In a shot across the bow that hints at a battle between the states and the Consumer Financial Protection Bureau, several Republicans and other lawmakers have said the bureau should not try to short circuit state laws with a pending proposal centered on payday loans.
American Banker reported that the intimations of a dustup came as several Republicans, speaking at a hearing for the House Financial Services subcommittee last week, said that the states have a good handle on regulating those loans.
At that hearing, not so delicately titled “The CFPB’s Assault on Access to Credit and Trampling of State and Tribal Sovereignty,” featured David Silberman, a top-ranking CFPB official, who was noted by American Banker as “repeatedly” denying that states’ rights were a target, saying that the agency was merely looking to set a “floor” of regulation. In the meantime, the agency has yet to implement the proposal, with only an outline issued last year. The outline stated that there should be a “cooling-off” period of as many as 60 days before a payday loan customer could get another such loan. Some states do indeed have cooling-off periods, but as in South Carolina, those periods are less than 60 days.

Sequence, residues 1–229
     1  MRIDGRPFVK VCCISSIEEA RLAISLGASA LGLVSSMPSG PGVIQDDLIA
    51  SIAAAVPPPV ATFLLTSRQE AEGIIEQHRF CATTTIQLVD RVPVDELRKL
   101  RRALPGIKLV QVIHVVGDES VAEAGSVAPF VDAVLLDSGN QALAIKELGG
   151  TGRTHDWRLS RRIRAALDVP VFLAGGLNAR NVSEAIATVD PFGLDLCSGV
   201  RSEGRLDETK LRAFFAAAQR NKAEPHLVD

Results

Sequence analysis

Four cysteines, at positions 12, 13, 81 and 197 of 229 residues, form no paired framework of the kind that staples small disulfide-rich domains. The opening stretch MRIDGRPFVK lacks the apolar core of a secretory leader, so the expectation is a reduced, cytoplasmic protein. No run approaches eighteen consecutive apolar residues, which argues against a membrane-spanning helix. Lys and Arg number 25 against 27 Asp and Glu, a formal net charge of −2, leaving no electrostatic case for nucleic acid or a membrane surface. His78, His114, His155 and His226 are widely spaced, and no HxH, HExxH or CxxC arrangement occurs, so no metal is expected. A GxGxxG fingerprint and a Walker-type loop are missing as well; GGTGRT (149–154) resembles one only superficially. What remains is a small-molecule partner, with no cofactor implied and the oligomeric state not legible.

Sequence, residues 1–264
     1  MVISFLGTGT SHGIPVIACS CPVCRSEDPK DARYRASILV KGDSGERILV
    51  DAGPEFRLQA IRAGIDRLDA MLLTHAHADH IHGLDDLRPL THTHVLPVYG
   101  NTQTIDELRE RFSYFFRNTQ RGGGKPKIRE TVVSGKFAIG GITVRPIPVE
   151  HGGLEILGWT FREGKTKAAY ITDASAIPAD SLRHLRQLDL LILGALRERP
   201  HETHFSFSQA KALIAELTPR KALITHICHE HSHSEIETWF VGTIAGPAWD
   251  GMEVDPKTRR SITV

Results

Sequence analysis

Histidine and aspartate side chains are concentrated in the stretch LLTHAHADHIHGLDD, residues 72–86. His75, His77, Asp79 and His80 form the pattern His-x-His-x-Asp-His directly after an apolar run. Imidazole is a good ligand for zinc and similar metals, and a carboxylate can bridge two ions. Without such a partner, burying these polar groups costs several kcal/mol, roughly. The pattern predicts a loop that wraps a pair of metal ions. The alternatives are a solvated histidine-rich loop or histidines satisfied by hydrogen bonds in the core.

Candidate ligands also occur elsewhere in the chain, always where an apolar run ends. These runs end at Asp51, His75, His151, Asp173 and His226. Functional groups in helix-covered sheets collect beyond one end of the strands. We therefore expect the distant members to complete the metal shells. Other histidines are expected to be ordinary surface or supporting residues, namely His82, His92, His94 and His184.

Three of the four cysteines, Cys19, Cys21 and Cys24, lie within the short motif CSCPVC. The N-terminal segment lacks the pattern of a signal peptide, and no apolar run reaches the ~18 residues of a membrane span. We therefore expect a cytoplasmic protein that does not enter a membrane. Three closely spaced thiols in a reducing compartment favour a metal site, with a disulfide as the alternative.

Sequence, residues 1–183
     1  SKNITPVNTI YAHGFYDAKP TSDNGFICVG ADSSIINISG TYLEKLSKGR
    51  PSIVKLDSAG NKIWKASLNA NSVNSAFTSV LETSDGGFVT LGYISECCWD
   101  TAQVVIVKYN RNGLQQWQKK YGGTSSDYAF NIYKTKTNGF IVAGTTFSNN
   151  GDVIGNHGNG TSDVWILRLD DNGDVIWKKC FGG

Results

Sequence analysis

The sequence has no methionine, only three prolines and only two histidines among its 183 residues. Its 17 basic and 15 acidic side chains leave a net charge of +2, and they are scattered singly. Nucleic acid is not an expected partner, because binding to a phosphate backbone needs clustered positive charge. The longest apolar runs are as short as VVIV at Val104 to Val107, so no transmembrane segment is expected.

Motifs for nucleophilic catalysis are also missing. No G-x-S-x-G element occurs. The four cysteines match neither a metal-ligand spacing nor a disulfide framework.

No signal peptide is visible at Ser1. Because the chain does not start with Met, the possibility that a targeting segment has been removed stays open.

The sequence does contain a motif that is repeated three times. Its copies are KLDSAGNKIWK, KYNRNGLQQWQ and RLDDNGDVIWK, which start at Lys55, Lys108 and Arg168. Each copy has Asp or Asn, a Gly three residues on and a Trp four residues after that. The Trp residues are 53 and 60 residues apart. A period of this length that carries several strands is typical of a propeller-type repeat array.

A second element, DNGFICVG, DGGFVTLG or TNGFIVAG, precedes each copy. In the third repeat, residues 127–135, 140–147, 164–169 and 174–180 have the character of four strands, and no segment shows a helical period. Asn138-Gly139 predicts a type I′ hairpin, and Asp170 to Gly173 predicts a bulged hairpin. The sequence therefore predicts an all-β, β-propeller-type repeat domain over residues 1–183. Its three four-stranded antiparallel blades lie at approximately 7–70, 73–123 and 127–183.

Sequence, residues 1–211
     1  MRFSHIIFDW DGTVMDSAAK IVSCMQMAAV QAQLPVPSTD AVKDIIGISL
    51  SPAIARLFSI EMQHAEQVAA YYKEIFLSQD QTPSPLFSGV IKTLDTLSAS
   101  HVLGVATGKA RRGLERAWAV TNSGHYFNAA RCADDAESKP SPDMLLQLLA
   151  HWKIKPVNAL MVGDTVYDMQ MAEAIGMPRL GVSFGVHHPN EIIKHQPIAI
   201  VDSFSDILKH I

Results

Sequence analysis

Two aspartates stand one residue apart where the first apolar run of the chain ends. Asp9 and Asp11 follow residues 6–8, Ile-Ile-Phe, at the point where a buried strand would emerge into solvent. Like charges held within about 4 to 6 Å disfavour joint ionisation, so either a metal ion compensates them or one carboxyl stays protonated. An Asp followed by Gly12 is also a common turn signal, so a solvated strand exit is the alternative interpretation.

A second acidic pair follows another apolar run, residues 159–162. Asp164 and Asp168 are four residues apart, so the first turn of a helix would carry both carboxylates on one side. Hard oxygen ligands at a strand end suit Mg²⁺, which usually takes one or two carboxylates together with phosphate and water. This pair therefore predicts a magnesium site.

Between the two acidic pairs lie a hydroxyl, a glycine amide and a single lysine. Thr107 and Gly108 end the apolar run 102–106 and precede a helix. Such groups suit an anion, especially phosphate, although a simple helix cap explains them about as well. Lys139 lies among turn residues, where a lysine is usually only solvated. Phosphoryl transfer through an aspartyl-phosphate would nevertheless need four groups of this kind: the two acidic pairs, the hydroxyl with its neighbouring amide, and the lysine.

“Clearly, the CFPB does have an opinion as to whether we were right or wrong,” said Rep. Mick Mulvaney (R-SC). He noted that South Carolina “put a two-day cooling-off period in our law in 2013 … Would you still consider a 60-day cooling-off period to act as a ‘floor’ in South Carolina?”
In his testimony, Silberman said: “We did indicate from our research, which is confirmed by our experiences, that there are 30–35 percent of the people for whom this works exactly as intended,” the executive noted. “It’s the other two-thirds who don’t have the ability to repay for whom we want to create a market in which there are options for them; so they don’t have to take out the loan and then, two weeks later, find they have to take out another loan because they don’t have the money to repay the first loan.”